As many of you may know, I am editor of House of Cards and Philosophy, and I have been watching it intensely for the last three years. I must say I am rather ambivalent about the third season. At first, the season starts with tiny threads starting to unravel. I was convinced that this season might be when all the cards start falling down, what we might call the Empire Strikes Back in which there would be some major defeats to the egoist surging power of Frank’s ascendancy to the White House and the other main characters. Instead, the show’s third season reveals a series of stop-and-gos, of near defeats and evasions in the exchange of power that resembles a dogfight from Top Gun rather than a decisive narrative arch. The ending of the season is not even abrupt as the first two and even less surprising. In that way, I found it to be a let down.
We start six months into Frank’s administration. Heather Dunbar seems poised as a virtuous person, a force of moral rectitude that could stand against Frank’s tyranny, and in overly-simplistic fashion could be the Light to Franks’s Vader-esqueness. She is used by the show’s writers to highlight the obvious nature of Frank’s tyranny. That’s something we already know. Yet, she falls from the moral high ground. Philosophically, her failure implies that one cannot be Kantian in politics (as I suspect all good lawyers are good Kantians in real life). Secondly, her failure amounts to one strategy that makes her become almost what she hates, and you get the sense that the only way to make sense of Underwood’s nomination for the Democratic ticket is that the voters pick up on the reality of politics. House of Cards still depicts the ever-present need to transform oneself before the machinatoins of power in DC rather than trying to transform DC. There is a high level of cynicism that is maintained throughtout this season. In that way, nothing has changed, and Heather Dunbar falls from grace. It just takes more desperation as she comes closer to getting the nomination to resort to Frank-like tactics.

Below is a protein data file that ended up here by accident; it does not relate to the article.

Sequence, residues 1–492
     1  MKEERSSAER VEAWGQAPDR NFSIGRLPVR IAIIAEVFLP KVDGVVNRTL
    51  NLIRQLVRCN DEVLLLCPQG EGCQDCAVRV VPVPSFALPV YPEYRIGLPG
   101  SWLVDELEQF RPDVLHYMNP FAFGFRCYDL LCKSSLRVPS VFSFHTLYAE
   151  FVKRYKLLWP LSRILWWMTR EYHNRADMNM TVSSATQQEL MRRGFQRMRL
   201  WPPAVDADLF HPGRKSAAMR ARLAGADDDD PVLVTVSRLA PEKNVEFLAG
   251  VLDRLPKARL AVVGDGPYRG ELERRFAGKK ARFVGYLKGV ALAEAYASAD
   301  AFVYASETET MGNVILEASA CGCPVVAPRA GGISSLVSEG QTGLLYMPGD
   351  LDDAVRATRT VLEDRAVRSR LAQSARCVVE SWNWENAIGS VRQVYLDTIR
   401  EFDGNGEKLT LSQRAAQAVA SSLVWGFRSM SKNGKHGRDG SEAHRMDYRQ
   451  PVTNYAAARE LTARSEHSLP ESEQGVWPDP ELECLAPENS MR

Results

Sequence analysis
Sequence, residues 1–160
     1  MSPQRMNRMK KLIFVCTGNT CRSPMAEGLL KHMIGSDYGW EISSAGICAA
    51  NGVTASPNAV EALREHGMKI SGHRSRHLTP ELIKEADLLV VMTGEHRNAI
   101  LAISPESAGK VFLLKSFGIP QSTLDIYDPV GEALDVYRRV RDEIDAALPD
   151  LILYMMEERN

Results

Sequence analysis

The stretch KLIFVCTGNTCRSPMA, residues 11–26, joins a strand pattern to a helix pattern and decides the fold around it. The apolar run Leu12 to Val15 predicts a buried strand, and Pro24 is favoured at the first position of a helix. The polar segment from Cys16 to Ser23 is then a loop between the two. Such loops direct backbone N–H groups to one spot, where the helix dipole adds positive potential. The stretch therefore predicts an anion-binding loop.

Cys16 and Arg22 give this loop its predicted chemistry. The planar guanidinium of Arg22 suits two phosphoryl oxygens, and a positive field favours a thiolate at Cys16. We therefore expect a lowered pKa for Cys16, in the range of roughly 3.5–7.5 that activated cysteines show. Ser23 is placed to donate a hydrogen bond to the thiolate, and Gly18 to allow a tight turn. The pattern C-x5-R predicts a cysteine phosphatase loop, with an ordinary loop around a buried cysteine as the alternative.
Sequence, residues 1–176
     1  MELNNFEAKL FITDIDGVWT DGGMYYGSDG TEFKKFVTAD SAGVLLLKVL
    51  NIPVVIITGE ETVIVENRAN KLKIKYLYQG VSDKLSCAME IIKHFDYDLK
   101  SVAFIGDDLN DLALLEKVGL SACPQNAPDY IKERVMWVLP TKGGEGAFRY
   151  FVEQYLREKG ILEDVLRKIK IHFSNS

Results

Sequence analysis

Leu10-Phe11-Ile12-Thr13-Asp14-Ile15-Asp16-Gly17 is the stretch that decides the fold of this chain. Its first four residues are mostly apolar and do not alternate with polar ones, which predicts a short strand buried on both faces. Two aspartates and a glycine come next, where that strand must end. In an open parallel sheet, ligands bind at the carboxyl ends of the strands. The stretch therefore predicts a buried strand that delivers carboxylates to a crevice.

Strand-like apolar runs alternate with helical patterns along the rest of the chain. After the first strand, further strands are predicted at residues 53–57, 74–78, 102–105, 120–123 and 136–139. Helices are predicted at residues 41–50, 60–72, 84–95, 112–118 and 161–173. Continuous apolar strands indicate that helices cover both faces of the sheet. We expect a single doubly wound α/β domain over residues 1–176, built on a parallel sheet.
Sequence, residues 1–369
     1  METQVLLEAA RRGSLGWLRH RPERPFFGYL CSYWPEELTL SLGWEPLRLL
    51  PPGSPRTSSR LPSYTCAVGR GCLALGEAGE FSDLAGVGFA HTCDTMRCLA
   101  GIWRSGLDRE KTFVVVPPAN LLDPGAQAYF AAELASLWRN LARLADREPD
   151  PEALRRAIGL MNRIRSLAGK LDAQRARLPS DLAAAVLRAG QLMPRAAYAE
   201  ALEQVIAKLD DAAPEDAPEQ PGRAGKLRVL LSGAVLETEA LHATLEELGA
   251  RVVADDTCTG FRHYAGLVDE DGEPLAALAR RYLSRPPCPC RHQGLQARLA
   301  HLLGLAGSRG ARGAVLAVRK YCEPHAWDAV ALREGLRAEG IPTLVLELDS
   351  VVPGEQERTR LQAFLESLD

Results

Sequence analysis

Doug falls. He is recovering from injuries as Rachel left him at the end of season 2, and he almost becomes respectable. His growth teeters between reconciling with a long lost brother and then after recovering from a lapse of his alcoholism, he is sucked back into the maw of power. The first few episodes are shot in dark, as if the entire cast of main characters is lurking in shadow. This dark lighting strategy is used especially in scenes where we see Doug on the outside of Frank’s inner circle in the beginning of the season. He is weak in body, and cannot stand being apart from Frank. He even falls literally in the dark, a shower breaking his arm and before the meeting with Frank, he duct tapes the injury forging a cast with kitchen utensils. That’s just what being tough means.